Ostpolitik Is Not Going to Work This Time

Social Democrats believe accommodation will moderate Russia’s behavior. They are wrong.

Vladimir Putin Angela Merkel
Russian president Vladimir Putin and German chancellor Angela Merkel attend a conference in Moscow, November 16, 2012 (Bundesregierung)

Germany’s Social Democrats are falling back on an old idea to try and improve relations with Russia. The second party in Angela Merkel’s coalition government is calling for rapprochement and understanding, assuming that modern-day Ostpolitik will have the same effect it did in the 1970s.

Frank-Walter Steinmeier, the German foreign minister and a prominent Social Democrat, told parliament last week — on the 75th anniversary of Nazi Germany’s invasion of the Soviet Union no less — that there can only be “lasting peace” in Europe through collaboration with Russia.

He had raised eyebrows earlier, when he condemned NATO military exercises in the Baltic states and Poland as “saber rattling and war cries.”

Steinmeier’s party leader, Sigmar Gabriel, who is also the economy minister, plans a trip to Moscow to meet with President Vladimir Putin.

Hard line

Merkel’s traditionally more Atlanticist Christian Democrats regard all this with apprehension. The chancellor’s office has made clear she is personally in charge of Russia policy.

Merkel has taken a harder line since Russia annexed the Crimean Peninsula from Ukraine in 2014.

Every six months, when European sanctions against Russia are up for renewal, we read that German business interests are lobbying for a relaxation of the embargo. Yet every six months they are extended without controversy.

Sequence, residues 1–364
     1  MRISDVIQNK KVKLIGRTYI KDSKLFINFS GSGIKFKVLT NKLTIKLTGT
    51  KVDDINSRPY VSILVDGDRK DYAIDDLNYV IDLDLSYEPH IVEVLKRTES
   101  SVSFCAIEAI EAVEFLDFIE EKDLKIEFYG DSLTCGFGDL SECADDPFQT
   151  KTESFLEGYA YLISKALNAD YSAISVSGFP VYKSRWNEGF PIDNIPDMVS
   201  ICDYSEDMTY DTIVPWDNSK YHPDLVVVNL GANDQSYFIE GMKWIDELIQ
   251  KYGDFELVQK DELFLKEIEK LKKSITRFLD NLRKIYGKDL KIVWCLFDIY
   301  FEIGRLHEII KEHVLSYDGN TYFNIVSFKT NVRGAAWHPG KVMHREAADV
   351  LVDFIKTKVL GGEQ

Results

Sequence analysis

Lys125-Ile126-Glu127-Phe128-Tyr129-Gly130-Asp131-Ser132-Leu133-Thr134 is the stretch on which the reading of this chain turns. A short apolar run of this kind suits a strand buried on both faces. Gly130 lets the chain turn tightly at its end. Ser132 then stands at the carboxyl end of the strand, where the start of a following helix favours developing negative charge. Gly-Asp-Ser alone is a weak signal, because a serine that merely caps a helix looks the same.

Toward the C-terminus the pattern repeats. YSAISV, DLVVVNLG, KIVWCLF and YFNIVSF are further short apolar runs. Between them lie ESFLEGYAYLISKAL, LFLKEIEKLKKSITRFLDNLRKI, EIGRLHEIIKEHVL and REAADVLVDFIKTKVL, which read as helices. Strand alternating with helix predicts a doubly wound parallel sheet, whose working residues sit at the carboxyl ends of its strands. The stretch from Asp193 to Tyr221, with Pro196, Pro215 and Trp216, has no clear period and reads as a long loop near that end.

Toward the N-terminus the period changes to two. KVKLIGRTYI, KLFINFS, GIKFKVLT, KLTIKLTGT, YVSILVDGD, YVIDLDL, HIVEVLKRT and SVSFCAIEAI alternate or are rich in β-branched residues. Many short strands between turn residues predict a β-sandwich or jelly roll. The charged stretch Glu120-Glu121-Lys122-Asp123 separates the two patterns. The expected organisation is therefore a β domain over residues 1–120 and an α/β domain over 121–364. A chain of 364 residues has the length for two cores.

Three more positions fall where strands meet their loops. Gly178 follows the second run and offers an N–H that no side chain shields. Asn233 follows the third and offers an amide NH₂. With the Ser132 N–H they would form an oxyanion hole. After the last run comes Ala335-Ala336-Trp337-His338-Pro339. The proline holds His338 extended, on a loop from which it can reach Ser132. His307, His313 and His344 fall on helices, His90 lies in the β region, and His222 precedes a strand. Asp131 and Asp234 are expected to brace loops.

Merkel has taken the measure of Putin and clearly doesn’t see change-through-rapprochement on the horizon.

The Social Democrats are more optimistic. This has little to do with German exporters exerting a nefarious influence over the workers’ party. Their mindset is informed by a history of East-West relations.

Different context

Ostpolitik did work once. Under Willy Brandt, the Social Democrat-led government of West Germany opened up relations with the East. Through small steps, like cultural and educational exchanges, it effected meaningful change. It thawed relations and undermined the Soviet Union’s ideological hold over Eastern Europe.

That was a different time. Ostpolitik worked because East Germany and the Soviet Union sought the West’s recognition of the status quo in Eastern Europe.

East Germany in particular wanted to be taken seriously as a country. Before Brandt, the government in Bonn hadn’t even recognized East Germany as a country. That changed in 1972.

Putin’s Russia seeks the opposite of the Soviet Union 45 years ago: a revision of the post-Cold War order in Europe.

The dissolution of the Soviet empire left Europe whole and free. Now Russia is deliberately weakening the pillars on which that Europe is built: the internal cohesion of the European Union, solidarity within NATO, the principles of liberal democracy and the inviolability of national borders. Any compromise — recognition of the Crimean Anschluss, a formal pledge not to build NATO military bases in Eastern Europe — would give Russia a victory and might encourage it to push harder.